"I don't think we are deciding in this committee or at the whole board whose plan goes forward and whose doesn't," Preston said, referring to dueling plans by APE and the Castro Theatre Conservancy, which issued its revised plan late last month. "There are ways either of these plans could work with the proposed landmarking."

Some speakers at the hearing derided the conservancy's plan, stating that it has no funding mechanism. The plan calls for the Nasser family, which owns the theater, to sell or lease it to the conservancy, which the Nasser family is not interested in doing, as the B.A.R. previously reported.

Long road

The imbroglio over the theater began in January 2022, when Another Planet — which runs the Outside Lands music festival in Golden Gate Park, the Bill Graham Civic Auditorium near San Francisco's Civic Center, and the Fox Theatre in Oakland — was announced as the new operators of the 101-year-old Castro Theatre.

Some Castro neighborhood, LGBTQ, and film groups — such as the Castro LGBTQ Cultural District and the Castro Theatre Conservancy — formed the Friends of the Castro Theatre Coalition in opposition to the proposed changes, which would allow the theater to sometimes operate as a concert venue.

At issue at the hearing was whether the supervisors should change the Historic Preservation Commission's recommended interior landmarking to give further protection to the current seats — protection that had been argued could effectively halt APE's plans.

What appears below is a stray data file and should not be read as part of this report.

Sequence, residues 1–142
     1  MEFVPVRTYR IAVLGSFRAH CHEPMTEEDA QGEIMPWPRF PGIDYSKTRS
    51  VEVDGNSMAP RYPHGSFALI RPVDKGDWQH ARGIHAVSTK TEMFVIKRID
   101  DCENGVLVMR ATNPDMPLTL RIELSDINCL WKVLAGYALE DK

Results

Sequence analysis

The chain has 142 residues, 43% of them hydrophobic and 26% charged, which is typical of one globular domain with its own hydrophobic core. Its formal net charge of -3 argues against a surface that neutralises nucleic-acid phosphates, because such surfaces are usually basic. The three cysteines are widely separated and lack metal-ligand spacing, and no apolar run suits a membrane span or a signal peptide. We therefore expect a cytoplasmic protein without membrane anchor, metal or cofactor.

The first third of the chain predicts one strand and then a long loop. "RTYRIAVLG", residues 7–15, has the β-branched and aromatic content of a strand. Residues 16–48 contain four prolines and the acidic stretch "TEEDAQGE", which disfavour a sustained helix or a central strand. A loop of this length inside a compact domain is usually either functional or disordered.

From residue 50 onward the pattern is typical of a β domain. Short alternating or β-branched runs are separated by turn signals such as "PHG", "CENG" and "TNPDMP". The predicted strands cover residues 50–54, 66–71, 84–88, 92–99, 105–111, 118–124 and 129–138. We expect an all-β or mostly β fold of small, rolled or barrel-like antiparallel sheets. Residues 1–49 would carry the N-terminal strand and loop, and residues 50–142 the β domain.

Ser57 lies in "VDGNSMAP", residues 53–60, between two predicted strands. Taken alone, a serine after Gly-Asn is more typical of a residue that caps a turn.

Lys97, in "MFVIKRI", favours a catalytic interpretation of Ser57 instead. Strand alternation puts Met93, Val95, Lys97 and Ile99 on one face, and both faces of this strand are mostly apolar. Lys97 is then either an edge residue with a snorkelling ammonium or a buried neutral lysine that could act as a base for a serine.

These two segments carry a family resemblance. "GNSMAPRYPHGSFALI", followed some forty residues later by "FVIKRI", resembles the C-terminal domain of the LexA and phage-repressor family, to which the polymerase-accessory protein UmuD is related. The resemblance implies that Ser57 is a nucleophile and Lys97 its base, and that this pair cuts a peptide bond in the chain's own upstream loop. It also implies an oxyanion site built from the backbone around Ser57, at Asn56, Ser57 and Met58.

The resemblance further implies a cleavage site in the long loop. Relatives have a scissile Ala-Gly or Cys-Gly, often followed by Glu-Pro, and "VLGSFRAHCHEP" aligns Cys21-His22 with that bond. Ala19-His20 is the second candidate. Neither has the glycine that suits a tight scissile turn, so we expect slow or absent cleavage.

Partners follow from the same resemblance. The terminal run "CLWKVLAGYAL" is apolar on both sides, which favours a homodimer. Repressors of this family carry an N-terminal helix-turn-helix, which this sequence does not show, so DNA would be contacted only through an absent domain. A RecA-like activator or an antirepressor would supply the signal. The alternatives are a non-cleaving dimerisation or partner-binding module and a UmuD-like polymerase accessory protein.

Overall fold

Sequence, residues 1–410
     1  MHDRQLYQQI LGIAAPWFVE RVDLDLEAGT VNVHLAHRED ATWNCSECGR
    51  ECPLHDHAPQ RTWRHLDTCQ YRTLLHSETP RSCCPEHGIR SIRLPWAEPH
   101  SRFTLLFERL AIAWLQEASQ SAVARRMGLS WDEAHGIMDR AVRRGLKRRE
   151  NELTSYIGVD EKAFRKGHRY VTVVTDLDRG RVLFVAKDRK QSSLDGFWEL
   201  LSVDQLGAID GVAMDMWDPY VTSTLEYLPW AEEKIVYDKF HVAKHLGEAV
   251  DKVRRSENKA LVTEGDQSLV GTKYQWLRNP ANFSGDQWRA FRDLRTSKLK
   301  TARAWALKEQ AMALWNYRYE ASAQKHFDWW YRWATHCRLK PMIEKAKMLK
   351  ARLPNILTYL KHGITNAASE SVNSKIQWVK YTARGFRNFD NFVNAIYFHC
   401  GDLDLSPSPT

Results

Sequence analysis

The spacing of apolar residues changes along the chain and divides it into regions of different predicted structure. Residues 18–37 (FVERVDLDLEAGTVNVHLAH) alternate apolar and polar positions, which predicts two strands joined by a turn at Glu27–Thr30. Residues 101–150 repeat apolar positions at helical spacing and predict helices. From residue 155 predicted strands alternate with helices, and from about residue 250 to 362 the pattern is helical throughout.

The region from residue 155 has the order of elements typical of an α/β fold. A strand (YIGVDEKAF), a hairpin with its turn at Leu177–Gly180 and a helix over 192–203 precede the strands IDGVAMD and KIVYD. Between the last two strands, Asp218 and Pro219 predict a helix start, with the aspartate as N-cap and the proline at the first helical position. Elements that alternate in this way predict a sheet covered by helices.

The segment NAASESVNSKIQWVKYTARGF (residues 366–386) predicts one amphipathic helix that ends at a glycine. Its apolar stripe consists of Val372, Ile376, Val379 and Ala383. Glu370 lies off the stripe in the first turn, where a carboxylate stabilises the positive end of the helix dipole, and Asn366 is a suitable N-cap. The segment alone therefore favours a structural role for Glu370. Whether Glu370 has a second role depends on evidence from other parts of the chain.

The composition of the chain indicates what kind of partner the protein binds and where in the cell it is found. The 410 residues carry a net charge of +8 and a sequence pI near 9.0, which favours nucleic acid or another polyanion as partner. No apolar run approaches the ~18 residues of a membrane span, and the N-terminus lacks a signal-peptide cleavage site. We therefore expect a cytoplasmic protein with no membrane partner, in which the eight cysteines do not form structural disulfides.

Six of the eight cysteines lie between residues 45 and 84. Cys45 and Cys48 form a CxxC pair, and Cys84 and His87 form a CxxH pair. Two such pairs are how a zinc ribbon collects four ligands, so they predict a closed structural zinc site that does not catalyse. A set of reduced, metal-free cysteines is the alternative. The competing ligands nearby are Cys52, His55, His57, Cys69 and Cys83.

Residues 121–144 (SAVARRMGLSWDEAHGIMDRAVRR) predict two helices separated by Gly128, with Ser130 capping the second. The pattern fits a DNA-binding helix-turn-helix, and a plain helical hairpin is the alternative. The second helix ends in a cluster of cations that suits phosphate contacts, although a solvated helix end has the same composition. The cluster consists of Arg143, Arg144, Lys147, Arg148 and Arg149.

The hearing had five public comments; three were supportive of the amendment, one was opposed, and one was critical of the conservancy and the cultural district.

"We would ask you to move this on with the revised language we requested and thank you for adding that," Stephen Torres, one of the executive co-chairs of the Castro LGBTQ Cultural District, said during public comment. "There have been conversations, some hopeful in our estimation, in addressing some of the other concerns raised by Supervisor [Aaron] Peskin and Supervisor Mandelman in terms of trying to find a compromise, or alternatives."

Mike Murray, a gay Castro resident, called in during public comment to criticize the conservancy's plan.

"The cultural district and the conservancy are not engaging the community and their comments don't represent the community," Murray said. "This plan is not new. It is an old plan repackaged as a press release. It includes no funding. They have made no progress on their goal of raising $20-$40 million to restore the theater. The plan demands the owners sell their property to the conservancy or give them a 60-year lease without any money. The owners have said they are not interested in the offer."

On behalf of the cultural district, Torres told the B.A.R. that he approves of the committee's decision.

"We hope this illustrates to the board that drastic and irrevocable changes to the Castro Theatre are not necessary for either the theater or the community's future or vitality and the revised landmark language should be acceptable terms by which any vendor can operate beneficially and in good faith to our community's needs," he stated.

"We look forward to being in front of the full board and appreciate the thoughtful consideration of all the supervisors," Torres stated.

Mandelman and the conservancy did not respond to requests for comment.

Updated, 5/9/23: This article has been updated with response from APE and the Castro cultural district.